Porsche IPO promises to be challenging, Company news

Emma Victoria Farr

LONDON, July 20 (Reuters) – Porsche may be forced to start the listing process on the basis of a lower-than-expected valuation as difficulties mount for the German automaker, two people close to the case said.

The prospect of a lower valuation will be a setback for the families at the helm of the company, who are pushing for an IPO to finance a costly transition from combustion-powered sports cars to electric ones.

Initial estimates valuing Porsche, controlled by Europe’s largest automaker Volkswagen, at more than 80 billion euros, are lofty, the sources said.

They believe that in the face of the hurdles of war, the threat of recession and energy shortages, a lower valuation may be needed to secure what could become one of the largest IPOs in the world.

Porsche may have to settle for 60 billion euros, one source said, adding that the owners would not settle for anything less.

Another source also added that the automaker’s owners have different views on brand value. A third person involved in the preparation said that investors have yet to agree on a valuation formula.

Porsche executives presented their business plan to investors this week. Lutz Meschke, chief financial officer, told reporters that the automaker is “financially sound” and “well prepared for the next steps.”

Porsche estimated its turnover at more than 38 billion in 2022, up from 33 billion in 2021, despite a 5 percent drop in deliveries in the first half of this year.

However, some investors are still hesitant.

Last month, Bernstein Research estimated Porsche’s “fair value” at around 75 billion euros, calling it “a great company, but [ce n’est] not a Ferrari” due to the latter’s higher margins.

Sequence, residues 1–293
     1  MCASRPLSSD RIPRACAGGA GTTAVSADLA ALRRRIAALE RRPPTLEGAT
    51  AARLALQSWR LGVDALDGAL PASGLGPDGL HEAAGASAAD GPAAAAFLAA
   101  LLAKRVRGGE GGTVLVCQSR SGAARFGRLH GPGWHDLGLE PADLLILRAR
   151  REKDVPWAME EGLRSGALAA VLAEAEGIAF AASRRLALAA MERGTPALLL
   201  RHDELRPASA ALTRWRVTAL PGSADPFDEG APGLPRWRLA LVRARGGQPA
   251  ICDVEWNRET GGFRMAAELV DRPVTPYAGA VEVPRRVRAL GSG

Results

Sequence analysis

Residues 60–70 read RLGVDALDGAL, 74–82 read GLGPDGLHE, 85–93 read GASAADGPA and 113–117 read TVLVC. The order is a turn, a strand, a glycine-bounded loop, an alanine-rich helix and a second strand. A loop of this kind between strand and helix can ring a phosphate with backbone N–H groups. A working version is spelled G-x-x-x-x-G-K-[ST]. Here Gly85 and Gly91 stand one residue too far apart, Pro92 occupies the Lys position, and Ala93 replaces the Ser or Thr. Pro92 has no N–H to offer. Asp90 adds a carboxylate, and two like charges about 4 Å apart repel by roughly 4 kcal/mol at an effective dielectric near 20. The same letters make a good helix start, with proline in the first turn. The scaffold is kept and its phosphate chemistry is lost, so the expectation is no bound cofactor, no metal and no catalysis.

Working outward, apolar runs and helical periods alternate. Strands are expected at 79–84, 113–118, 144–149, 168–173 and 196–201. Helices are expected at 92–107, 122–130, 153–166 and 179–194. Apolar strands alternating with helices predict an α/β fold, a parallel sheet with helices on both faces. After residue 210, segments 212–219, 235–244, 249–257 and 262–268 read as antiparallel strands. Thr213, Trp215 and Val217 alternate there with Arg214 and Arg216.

One of Volkswagen’s top 20 shareholders told Reuters it does not view the IPO positively as only a small number of shares will be sold, giving the new entrants little leverage over shareholders.

Porsche would be better off staying within the Volkswagen Group while the IPO would not “create value” in the long run, added the latter, who asked not to be named.

Earlier this week Oliver Blume, CEO of Porsche, and Lutz Meschke sounded confident in their presentations.

During the pandemic, business has been strong, according to Oliver Blume. “There is a big need in the capital markets and a lot of money to invest.”

The bankers involved in the deal intend to study market conditions at the end of August, when the decision of the Porsche board of directors and the IPO document, which could be published shortly thereafter, will be made.

A spokesman for Porsche said there were no “new decisions” regarding the IPO plans, while Volkswagen declined to comment.


The push for the IPO comes as German automakers look to break the ties with diesel and petrol engines to move towards quieter, more environmentally friendly electric models.

Porsche wants 80% of car sales to be electric vehicles by 2030, about four times the current level, while Volkswagen has also embarked on this ambitious transition to electric vehicles, batteries and software. The IPO is intended to fund this change.

If the listing does not take place or passes only at a discount, there will be less investment.

The IPO will also change the balance of power in Europe’s largest automaker, Volkswagen, which controls Porsche after a failed takeover attempt more than a decade ago.

However, economic obstacles are significant.

Only $2.3 billion was raised in Germany’s capital markets this year, down 90% from the previous year, according to Refinitiv data. Only 12.5% ​​of Porsche’s shares will be in free float, with European automakers’ valuations falling since early 2022.

Luxury car makers have been particularly hard hit. Aston Martin’s market capitalization has lost 57% of its value since the beginning of 2022, while Ferrari’s has lost almost a third.

Porsche can be compared to highly acclaimed luxury brands like French luxury house LVMH, but it still remains in the shadow of Tesla, says a banker involved in the case.

(Additional reporting by Christoph Steitz in Frankfurt, Victoria Waldersee in Berlin and Lucy Raitano in London; French version by Alize Degors, edited by Kate Entringer)